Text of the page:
Torn-paper collages by Hong Kong artist Jeffrey Yeung accompany the chapters, offering a visual nod to the way fragments can be collected to create images both haunting and elegant as a whole. There is a distorted gavel that resembles a yo-yo; a hand opening what looks like a bleeding globe; an owl-shaped beast with a single, open eye, glaring at the reader. Images extend into the prose, where, in certain essays, the inclusion of Chinese quotes and terms in their pictorial forms offer an important reminder to English-language readers. These stories are ones rooted in a place with an entirely distinct language for its treasures and traumas; a reality that doesn’t require a foreign gaze or a foreign language in order to be legitimised. Chan puts it eloquently in his preface, writing that none of “the ink that [had] been spilled in Hong Kong” since 2019 had ever fulfilled him. “I don’t need to have my reality explained,” he writes. “I just want five minutes of honesty.”
In insisting so firmly on its own terms, Aftershock encourages the question of who the book is for, beyond the writers who, like Chan, sought a break from the constant interpretation of Hong Kong for foreign readers. With whom do the writers seek to share their five minutes of honesty? If the answer is a local audience that understands the city’s lingo, then what constitutes a local audience? In other words, the perennial question of a postcolonial city: who is—or can be—a Hongkonger?
On the one hand, the local texture of the book signals an audience already familiar with Hong Kong. But on the other, Aftershock achieves the difficult yet indispensable task of inviting each of its readers—Hongkonger or otherwise—to become a local. It does so by inviting us to escape the soundbites of impersonalised media, and instead enter into a literary space where the city and its struggles become highly personal.
And they already are personal. On a universal level, Aftershock is an interrogation of language: how do we find language for a time in which no words arrive, or in which language might betray us? “Voiceless”, a chapter penned by an anonymous writer based in mainland China, ends with a desolate confession: after describing the trauma of being doxxed on the internet for pro-Hong Kong views, “I lost my voice,” the author concludes, “and I have no idea when I will recover.” In “The Adversary”, Chan illustrates the ways in which language—and in particular, the language of violence—is manipulated by smooth-talking spokespeople who muddy truth with abstraction. “Hong Kong is being remade and recontextualised by violence,” he writes, “and my deepest fear is that our language cannot reckon with it.”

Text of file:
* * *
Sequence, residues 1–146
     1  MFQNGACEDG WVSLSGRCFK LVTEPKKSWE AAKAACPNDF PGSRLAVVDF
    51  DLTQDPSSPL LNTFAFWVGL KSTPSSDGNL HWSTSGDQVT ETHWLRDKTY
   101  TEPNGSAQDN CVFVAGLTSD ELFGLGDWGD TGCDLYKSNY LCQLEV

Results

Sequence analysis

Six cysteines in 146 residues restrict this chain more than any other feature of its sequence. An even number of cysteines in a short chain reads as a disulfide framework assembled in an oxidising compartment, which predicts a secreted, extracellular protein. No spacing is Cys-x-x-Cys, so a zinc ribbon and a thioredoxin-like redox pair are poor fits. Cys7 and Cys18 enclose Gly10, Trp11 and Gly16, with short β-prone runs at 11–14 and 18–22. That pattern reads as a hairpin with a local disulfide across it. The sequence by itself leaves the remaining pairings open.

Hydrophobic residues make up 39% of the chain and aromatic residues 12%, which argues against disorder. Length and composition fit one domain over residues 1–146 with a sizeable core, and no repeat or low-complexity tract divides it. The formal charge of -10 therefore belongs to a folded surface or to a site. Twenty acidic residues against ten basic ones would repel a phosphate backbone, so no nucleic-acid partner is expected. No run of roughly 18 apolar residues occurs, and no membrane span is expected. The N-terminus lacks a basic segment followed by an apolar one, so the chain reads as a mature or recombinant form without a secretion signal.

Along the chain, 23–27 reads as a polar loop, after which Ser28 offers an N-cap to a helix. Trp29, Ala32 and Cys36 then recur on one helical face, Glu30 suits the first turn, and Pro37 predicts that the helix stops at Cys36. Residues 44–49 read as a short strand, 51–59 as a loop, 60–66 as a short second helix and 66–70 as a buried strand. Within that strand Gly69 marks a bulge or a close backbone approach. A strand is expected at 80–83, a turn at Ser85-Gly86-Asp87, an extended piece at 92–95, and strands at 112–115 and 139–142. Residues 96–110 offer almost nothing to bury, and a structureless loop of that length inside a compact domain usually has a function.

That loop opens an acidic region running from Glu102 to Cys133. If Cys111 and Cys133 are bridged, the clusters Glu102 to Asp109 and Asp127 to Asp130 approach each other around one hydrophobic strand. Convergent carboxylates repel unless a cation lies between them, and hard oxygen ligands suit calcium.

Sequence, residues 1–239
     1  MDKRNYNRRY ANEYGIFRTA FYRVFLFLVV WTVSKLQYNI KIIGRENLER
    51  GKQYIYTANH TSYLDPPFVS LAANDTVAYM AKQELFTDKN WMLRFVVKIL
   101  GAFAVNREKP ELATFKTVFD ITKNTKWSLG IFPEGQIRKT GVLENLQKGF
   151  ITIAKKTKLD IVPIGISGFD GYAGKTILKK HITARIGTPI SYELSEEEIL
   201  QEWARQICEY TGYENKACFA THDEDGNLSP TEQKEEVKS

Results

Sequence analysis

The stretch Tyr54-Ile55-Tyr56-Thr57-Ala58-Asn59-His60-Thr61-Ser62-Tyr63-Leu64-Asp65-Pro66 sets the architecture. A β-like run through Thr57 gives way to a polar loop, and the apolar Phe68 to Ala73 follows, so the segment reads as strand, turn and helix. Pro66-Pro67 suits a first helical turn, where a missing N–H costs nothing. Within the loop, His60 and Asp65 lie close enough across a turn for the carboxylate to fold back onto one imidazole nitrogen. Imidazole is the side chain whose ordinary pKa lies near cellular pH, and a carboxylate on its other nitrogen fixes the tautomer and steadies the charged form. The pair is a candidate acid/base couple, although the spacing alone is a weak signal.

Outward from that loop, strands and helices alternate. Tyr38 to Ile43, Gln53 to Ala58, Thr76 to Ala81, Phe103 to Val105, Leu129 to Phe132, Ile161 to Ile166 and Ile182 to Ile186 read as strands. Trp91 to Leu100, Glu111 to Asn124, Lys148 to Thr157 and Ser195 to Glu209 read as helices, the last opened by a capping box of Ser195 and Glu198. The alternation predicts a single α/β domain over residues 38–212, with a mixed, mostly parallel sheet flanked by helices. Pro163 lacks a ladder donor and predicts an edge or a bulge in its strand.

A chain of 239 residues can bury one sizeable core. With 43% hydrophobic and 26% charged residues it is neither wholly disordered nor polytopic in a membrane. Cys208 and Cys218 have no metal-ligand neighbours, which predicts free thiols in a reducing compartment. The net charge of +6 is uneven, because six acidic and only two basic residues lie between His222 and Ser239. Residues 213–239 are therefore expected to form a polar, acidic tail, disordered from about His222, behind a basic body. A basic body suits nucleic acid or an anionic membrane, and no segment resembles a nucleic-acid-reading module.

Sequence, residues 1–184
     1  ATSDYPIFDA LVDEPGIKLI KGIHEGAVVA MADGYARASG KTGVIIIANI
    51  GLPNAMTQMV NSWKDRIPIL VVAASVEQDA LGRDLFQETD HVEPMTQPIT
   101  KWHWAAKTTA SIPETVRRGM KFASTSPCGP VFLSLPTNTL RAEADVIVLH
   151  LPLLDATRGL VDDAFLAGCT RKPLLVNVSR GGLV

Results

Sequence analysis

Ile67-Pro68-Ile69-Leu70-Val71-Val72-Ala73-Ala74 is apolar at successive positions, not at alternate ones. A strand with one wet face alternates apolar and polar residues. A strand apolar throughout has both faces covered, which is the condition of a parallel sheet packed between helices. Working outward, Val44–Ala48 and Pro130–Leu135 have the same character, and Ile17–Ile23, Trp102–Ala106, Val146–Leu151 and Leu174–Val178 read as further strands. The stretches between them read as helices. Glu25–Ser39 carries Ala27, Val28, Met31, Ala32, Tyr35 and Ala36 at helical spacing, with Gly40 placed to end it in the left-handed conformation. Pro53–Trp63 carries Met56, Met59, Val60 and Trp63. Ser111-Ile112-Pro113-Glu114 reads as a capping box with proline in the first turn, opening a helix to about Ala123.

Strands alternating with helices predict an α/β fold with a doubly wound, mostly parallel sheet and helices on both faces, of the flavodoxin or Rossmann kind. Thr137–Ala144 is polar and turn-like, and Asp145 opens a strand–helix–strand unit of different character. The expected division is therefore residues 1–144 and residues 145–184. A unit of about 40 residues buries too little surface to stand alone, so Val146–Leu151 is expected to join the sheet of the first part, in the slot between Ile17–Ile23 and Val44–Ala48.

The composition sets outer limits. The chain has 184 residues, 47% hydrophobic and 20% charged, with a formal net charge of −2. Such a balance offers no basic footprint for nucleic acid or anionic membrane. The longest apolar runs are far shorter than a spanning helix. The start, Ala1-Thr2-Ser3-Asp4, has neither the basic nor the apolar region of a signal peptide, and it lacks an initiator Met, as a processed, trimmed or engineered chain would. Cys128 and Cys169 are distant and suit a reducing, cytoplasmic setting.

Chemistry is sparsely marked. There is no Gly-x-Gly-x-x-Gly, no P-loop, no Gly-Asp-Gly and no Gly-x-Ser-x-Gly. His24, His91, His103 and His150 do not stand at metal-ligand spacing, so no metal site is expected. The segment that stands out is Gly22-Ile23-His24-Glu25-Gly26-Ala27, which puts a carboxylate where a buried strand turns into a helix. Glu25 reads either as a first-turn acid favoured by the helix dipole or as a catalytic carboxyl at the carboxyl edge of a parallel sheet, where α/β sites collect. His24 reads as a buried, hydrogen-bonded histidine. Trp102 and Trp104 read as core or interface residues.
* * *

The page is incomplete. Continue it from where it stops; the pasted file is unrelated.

The book also probes, at great length, the complexities of the journalist’s job as gatekeeper of the news. In “After He Fell”, Jessie Pang explores the emotional struggle of covering one’s home city: “it felt like a tug of war between the truth and personal feelings,” she writes. Pang is candid about her experience of guilt, knowing that, at the end of each reporting day, she still had “an option to go home safe and sound,” unlike many protesters. In “Faces at a Window”, Hsiuwen Liu questions how, as a Taiwanese journalist writing about Hong Kong, storytellers might frame the events of one city in a way that appeals to another without being reductive. “No one and no place needs to be idealised,” she writes. “I wished that Hong Kong’s protests could be understood on their own terms, and be remembered for its complex nature, its many dimensions.” But what if these dimensions are manipulated in order to serve conflicting interests? Both Holmes Chan and Rachel Cheung explore the frustrations of having one’s testimony be refuted or reworded: sometimes by authority figures like government officials and police chiefs, but at other times—and more insidiously—by editors who “cherry-pick information, impose someone else’s agenda, and edit reports into alternate versions of reality”, as Cheung says.